If the supply-water temperature is kept at a constant 180°F though a building all year long, when temperatures are mild the control valve to the heating coil barely will be open. Instead of running 10 or 20 gpm of water, it may just need a “squirt.” When only tenths of a gallon of water are running, the temperature is harder to control, which is why you will see some schools in the spring or fall with their windows open, even though it is chilly outside. The building is being heated with high-temperature water, without good control, so the classrooms start to overheat. The open windows bring in cold air, but the heat still is running, which wastes money. The better solution is to set the system to 140°F supply-water temperature. This allows the system to run at a gallon-per-minute rate similar to that with 180°F supply-water temperature, but the cooler temperature provides finer control.

The night/weekend setback scheme is simple. If there are only a few people in the facility overnight or on weekends, decrease the header temperature to 10°F to 20°F less than what it normally would be. Set the system to warm up the building an hour before people typically arrive.

While the night/weekend setback scheme is logical, setting a larger system temperature differential goes against the norm for most engineers. Traditionally, a 20°F differential is accepted: water out at 180°F, returning at 160°F. The heating coils and air handler are sized to fit this traditional design. However, if the returning temperature is decreased to 140°F (while maintaining the 180°F supply temperature), the building temperature stays the same, but the system only requires half of the water flow because heat is proportional to the differential temperature and flow rate. If the heat is the same, and the differential temperature is doubled, the flow rate is cut in half.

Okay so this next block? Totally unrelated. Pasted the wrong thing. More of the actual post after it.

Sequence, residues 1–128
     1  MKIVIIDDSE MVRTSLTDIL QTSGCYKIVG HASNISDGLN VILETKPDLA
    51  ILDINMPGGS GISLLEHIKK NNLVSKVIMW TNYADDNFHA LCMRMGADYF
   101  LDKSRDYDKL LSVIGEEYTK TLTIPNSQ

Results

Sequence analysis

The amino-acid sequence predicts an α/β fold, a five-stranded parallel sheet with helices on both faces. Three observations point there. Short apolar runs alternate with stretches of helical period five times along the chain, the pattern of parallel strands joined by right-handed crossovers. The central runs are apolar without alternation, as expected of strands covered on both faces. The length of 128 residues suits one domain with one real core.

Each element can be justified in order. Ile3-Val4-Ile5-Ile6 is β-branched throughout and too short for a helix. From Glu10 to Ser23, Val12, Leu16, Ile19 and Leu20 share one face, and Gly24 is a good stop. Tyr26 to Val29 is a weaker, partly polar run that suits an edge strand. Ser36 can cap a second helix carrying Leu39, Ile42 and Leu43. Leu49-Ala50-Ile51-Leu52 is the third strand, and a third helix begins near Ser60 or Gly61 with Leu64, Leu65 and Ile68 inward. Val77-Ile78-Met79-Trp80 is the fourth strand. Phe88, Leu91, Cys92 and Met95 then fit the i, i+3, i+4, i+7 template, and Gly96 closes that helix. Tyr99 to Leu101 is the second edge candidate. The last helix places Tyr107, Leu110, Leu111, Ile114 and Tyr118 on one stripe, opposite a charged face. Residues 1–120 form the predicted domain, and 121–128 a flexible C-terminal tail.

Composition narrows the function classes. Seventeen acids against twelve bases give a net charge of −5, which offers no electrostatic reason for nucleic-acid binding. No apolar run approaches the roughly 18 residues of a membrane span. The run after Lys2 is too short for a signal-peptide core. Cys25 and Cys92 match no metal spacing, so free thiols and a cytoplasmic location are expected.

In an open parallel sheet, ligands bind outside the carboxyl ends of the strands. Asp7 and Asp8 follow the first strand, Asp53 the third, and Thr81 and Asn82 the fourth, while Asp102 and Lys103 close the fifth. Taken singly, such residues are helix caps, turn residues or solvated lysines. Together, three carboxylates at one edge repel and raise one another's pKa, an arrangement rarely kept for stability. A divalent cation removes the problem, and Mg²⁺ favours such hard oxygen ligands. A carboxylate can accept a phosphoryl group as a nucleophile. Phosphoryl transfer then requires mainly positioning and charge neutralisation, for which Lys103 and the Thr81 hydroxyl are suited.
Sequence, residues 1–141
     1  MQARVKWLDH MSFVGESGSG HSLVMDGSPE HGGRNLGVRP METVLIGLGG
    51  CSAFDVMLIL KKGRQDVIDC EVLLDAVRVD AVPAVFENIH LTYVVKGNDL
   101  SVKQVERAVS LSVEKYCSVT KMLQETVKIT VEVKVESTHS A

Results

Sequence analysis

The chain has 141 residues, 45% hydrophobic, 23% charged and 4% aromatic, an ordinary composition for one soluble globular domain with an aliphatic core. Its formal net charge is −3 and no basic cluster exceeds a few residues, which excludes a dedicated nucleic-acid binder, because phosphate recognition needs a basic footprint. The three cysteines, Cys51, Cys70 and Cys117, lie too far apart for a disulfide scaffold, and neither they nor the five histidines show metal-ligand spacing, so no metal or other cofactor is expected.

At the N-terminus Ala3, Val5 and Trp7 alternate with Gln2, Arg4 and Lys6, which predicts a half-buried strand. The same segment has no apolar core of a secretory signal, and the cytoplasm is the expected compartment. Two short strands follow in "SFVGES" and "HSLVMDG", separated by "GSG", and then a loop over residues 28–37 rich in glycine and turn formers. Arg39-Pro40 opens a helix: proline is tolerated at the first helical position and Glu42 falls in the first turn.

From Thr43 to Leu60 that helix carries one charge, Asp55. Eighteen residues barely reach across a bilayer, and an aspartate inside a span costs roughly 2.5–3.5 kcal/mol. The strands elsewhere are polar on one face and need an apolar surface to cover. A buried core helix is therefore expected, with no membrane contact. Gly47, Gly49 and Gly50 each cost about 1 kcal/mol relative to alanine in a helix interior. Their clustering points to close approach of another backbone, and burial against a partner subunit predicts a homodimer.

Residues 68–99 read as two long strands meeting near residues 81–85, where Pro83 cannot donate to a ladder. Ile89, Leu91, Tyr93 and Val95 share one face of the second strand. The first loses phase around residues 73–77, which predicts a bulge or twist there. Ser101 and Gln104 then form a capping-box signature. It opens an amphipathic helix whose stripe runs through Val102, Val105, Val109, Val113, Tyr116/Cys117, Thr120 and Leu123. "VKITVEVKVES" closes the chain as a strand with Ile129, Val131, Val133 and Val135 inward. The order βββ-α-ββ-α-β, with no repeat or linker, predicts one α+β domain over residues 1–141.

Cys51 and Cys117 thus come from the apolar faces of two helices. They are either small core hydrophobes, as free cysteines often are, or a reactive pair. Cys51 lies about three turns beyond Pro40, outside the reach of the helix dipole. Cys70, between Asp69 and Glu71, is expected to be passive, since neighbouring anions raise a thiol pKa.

There are some benefits to this system. First, with less flow, a smaller pump can be used, which increases energy savings. Also, if the supply water goes out at 180°F and returns at 140°F, no condensing takes place. But if the water goes out at 160°F on a reset and comes back at 120°F, the system will condense sooner with a larger delta-T. If the supply goes out at 120°F and comes back at 80°F, the system is really condensing. A larger differential temperature with a condensing boiler drives the system into condensing mode sooner, in addition to saving energy in the system because of the smaller pump.

Keep in mind that under similar conditions, a non-condensing boiler cannot get much below 160°F with a 140°F return, because, below 140°F, condensing will begin in the non-condensing boiler and destroy it.

It can be difficult to change the differential temperature in existing buildings, but in new buildings, it is simple. It is a matter of sizing heating coils or devices appropriately to handle a larger delta-T. Many engineers may think increasing delta-T from 20°F to 30°F is a great stretch, and increasing it to 40°F is really radical; however, it can be achieved easily. It requires a mindset shift. Sometimes, existing buildings can get some differential increase, but not a large one because the coil surface area may not be enough to keep a constant heat with a lower flow rate.

Advantages of Hydronic Boiler Controls
With certain hydronic boiler controls, pumps can be set to maintain a constant differential temperature. For example, if a system is set for a 40°F differential temperature, but that drops to 36°F because the heat load decreases, not as much heat is being taken out of the water and the pump slows down. When the pump slows down, the water volume decreases, which draws out more heat and returns the system to the desired 40°F delta-T.